Judge Blocks Claims Against Airlines Arising Out of Sept. 11th Attacks

It’s been nearly twelve years since the September 11th attacks, but there is still litigation going on regarding who’s responsible for the billions of dollars in damage inflicted that day. The most recent development comes out of New York, where a Federal Judge dismissed an effort by the owners of the World Trade Center to hold the airlines whose planes were involved in the attacks on the Twin Towers at least partly responsible for what happened that day:

The owners of the World Trade Center can’t demand billions of dollars more in insurance money for the destruction caused by the Sept. 11 attacks, a federal judge decided Thursday.

Judge Alvin Hellerstein ruled after hearing testimony by economic experts for the trade center owners and for the airlines linked to the planes that were hijacked in the attacks. The non-jury trial was held to decide whether the owners could collect more than the nearly $5 billion they’ve already received toward reconstruction

In ruling against developer Larry Silverstein and World Trade Center Properties, the judge cited state laws that bar “windfalls and double recovery on the same loss.”

The judge said that though he was ruling against the trade center owners, they deserved credit for spearheading the recovery effort at the 16-acre lower Manhattan site.

“You were dealt a very severe blow,” the judge said of the attack, which turned the trade center into an inferno and destroyed the twin towers. Since then, the developer’s workers have labored to “create beauty out the ashes of the destruction,” he added.


During the four-day proceeding, Silverstein’s attorneys had insisted that the aviation companies owed at least $3.5 billion for letting hijackers board planes that destroyed three skyscrapers on Sept. 11, 2001: the prominent twin towers and 7 World Trade Center, a 47-story building that caught fire after debris from one of the jet crashes pierced its facade and collapsed hours later.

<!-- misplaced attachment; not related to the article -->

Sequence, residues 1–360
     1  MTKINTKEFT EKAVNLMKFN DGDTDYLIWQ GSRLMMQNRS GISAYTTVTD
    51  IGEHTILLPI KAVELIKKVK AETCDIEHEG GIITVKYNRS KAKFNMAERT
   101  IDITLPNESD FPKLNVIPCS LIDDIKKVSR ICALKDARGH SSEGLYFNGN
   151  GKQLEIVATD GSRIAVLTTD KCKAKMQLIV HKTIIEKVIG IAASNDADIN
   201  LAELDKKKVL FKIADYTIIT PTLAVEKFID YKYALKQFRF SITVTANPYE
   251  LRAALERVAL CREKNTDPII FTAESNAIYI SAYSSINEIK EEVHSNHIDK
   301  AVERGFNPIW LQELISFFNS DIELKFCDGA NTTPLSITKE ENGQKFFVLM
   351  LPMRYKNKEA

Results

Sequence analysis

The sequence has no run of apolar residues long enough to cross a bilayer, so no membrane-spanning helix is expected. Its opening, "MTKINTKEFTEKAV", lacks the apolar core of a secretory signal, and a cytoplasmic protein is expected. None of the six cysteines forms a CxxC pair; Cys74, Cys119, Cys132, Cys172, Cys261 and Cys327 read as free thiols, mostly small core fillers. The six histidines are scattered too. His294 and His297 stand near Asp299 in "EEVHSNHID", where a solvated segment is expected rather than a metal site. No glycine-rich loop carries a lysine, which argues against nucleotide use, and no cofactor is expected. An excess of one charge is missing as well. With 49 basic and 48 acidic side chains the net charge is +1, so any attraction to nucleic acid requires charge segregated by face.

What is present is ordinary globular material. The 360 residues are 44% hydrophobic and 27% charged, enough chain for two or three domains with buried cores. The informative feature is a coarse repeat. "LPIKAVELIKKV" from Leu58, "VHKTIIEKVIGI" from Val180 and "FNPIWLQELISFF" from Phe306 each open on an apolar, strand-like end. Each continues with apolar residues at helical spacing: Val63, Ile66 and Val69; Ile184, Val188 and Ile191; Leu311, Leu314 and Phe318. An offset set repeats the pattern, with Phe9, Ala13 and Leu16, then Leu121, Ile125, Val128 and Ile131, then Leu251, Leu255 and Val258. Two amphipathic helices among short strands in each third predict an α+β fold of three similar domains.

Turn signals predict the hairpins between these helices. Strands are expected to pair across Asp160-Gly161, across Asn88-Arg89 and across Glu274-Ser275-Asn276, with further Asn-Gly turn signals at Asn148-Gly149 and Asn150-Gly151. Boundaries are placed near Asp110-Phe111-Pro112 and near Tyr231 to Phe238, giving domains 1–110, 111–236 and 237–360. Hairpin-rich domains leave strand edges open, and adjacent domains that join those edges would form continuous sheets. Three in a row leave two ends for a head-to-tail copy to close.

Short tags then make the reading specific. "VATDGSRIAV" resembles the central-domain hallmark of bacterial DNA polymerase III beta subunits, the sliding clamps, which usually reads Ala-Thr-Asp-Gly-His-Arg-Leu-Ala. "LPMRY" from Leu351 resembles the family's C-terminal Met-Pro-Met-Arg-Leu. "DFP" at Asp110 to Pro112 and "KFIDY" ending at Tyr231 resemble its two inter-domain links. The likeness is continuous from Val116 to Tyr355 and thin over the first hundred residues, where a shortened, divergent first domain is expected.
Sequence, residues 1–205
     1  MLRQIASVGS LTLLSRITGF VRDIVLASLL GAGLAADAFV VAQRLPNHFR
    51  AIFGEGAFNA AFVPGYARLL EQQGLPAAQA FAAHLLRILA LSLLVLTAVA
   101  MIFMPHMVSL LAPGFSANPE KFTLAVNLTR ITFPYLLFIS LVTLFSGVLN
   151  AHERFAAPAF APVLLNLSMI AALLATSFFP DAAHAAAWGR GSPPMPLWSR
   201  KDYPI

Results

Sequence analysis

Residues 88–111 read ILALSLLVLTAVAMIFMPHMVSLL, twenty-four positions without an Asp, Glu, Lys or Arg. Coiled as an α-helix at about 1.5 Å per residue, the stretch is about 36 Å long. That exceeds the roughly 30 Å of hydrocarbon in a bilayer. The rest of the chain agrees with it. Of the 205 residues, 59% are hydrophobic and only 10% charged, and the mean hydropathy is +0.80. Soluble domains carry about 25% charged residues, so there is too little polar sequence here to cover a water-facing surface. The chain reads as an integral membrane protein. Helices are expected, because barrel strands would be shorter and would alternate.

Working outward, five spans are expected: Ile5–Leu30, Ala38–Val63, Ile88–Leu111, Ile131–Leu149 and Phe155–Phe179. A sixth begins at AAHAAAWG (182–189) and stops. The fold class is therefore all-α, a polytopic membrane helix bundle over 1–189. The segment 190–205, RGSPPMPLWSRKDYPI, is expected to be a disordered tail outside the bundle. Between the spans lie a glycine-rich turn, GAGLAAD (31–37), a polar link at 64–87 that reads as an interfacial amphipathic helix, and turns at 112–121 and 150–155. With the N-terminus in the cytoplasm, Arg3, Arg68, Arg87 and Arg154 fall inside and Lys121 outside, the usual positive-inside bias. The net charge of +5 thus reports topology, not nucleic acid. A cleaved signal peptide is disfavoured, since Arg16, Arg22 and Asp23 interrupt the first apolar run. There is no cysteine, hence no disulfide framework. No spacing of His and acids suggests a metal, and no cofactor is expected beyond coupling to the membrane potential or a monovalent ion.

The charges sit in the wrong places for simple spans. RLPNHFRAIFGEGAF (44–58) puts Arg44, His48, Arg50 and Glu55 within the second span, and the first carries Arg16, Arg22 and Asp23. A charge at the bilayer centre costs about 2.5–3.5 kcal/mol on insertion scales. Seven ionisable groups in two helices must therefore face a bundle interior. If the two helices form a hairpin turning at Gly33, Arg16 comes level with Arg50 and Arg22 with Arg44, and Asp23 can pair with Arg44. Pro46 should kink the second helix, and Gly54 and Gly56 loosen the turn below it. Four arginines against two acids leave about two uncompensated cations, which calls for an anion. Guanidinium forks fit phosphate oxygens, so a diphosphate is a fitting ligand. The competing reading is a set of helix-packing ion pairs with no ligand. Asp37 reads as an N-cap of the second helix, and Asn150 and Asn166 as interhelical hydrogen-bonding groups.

In addition to disputing liability, the airlines, or more properly their insurance companies argued that the trade center owners would in effect be receiving a double recovery if they recovered from the airlines once you factored other sources of recovery already received in. Obviously, the Judge found this argument convincing.

FILED UNDER: Economics and Business, Law and the Courts, Terrorism, , , ,
Doug Mataconis
About Doug Mataconis
Doug Mataconis held a B.A. in Political Science from Rutgers University and J.D. from George Mason University School of Law. He joined the staff of OTB in May 2010 and contributed a staggering 16,483 posts before his retirement in January 2020. He passed far too young in July 2021.


  1. James Joyner says:

    Didn’t Congress specifically exempt the airlines from these suits as a precondition of accepting the government payoff?

  2. @James Joyner:

    I believe so. My best guess, though, is that this suit fell under some kind of exception to the immunity granted to airlines, which may have only applied to direct lawsuits from survivors and victims families. Since this was essentially a claim for contribution between insurance companies, it may not have been covered by the immunity provisions. Otherwise, I would assume the suit would’ve been dismissed long ago

  3. al-Ameda says:

    Thank god. This whole issue of reparations to victims of the 9-11 attacks has turned into a never-ending lottery situation.